Other mechanical techniques have been described, with anecdotal levels of evidence. Lassoing the tick as close to the skin as possible, using a loose knot of cotton thread, such as from clothing, then applying gentle traction, can remove ticks when forceps are not available [15]. Disposable razors have also been suggested [16].

Summary
Relatively few studies have been conducted in this area, and those that have been vary with respect to different tick species, different host species and different time periods of tick attachment before removal. When the species of tick is known to be of the soft family, and disease in humans is not endemic in an area, the World Health Organization recommendation of chemical methods of removing ticks may be appropriate [3]. However, since many people, particularly travellers who are not familiar with an area, will not be able to distinguish between different types of tick or know the local prevalence of disease, it seems sensible to recommend always removing ticks by grasping with forceps as close to the skin as possible and pulling straight out to avoid leaving mouthparts behind. There is a clear and simple image that illustrates this at reference 4.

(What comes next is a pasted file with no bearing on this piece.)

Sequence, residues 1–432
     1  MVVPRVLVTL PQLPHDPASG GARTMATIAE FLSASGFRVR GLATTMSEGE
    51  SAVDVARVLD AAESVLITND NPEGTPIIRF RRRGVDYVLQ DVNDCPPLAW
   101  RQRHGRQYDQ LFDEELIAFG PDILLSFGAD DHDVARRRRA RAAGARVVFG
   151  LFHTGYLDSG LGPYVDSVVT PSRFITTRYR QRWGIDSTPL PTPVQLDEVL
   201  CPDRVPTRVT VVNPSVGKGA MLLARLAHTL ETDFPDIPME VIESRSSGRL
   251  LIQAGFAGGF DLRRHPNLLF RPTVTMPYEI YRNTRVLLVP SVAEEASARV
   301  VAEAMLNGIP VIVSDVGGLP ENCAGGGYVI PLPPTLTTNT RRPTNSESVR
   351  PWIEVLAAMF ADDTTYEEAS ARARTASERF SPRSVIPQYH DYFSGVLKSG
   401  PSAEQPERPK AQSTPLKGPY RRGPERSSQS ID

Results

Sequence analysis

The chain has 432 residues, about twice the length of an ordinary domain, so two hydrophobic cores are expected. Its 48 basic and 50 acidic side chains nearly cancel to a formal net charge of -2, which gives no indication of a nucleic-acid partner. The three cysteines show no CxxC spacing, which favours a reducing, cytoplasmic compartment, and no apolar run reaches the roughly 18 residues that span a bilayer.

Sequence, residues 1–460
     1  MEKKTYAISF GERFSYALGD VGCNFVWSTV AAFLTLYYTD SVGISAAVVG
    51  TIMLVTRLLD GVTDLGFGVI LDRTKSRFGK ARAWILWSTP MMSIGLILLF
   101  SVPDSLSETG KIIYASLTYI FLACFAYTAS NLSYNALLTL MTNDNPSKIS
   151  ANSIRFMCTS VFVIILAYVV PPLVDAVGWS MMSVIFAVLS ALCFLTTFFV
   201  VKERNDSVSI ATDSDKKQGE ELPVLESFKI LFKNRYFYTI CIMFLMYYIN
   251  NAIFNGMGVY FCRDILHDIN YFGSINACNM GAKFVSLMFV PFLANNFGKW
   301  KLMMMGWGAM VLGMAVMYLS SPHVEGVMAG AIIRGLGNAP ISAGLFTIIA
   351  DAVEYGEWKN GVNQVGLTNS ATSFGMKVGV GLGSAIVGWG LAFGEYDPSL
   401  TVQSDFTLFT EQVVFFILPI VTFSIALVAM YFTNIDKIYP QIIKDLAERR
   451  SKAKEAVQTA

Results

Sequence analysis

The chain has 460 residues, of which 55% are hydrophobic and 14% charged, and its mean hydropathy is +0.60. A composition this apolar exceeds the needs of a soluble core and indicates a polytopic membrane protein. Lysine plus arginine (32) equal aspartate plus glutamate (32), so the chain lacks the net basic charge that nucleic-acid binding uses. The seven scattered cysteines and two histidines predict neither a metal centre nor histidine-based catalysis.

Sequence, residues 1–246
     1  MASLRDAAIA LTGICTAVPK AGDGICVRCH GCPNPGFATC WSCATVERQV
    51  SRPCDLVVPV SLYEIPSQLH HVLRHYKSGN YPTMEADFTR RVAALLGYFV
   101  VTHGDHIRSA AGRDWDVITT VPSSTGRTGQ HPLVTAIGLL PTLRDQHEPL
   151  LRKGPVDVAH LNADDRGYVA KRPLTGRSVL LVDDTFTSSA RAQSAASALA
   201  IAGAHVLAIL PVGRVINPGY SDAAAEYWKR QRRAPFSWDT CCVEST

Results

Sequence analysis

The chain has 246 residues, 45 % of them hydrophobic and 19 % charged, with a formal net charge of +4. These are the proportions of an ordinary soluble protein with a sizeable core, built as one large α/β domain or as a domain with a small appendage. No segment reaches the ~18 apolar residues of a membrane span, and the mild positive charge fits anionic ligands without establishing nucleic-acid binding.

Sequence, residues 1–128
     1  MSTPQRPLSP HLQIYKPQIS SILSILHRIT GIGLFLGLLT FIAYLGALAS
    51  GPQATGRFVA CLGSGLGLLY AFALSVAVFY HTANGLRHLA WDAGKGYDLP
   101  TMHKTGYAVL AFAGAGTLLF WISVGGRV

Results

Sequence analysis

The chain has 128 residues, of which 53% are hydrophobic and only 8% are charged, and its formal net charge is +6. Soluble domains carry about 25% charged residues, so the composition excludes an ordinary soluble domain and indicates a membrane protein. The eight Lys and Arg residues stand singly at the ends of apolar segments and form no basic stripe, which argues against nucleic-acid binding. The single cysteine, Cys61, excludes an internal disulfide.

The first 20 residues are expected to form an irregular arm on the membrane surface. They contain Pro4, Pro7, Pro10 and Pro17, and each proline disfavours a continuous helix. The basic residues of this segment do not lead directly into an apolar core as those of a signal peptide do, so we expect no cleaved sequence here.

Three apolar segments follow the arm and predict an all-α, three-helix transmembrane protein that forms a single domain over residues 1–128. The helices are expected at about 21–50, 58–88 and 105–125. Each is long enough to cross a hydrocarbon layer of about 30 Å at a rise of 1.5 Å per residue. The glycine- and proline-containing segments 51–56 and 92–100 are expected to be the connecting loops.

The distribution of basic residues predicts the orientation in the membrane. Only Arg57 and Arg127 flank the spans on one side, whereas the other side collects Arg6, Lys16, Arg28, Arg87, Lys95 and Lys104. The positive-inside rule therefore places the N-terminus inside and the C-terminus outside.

*Correction. This was corrected from 'larva migrans' to 'erythema migrans' at the author's request on 18 August 2006
Eurosurveillance editorial office, 18 August 2006.

References:
  1. Editorial team. Increase in cases of Crimean-Congo haemorrhagic fever, Turkey, 2006. Euro Surveill 2006;11(7):E060720.2. (http://www.eurosurveillance.org/ew/2006/060720.asp#2)
  2. Crimean-Congo hemorrhagic fever - Turkey (02). In: ProMED-mail [online]. Boston US: International Society for Infectious Diseases, archive no. 20060728.2082, 28 July 2006. (http://www.promedmail.org)
  3. Ticks. In: Vector control - methods for use by individuals and communities. Geneva: World Health Organization; 1997. (http://www.who.int/docstore/water_sanitation_health/vectcontrol/ch26.htm)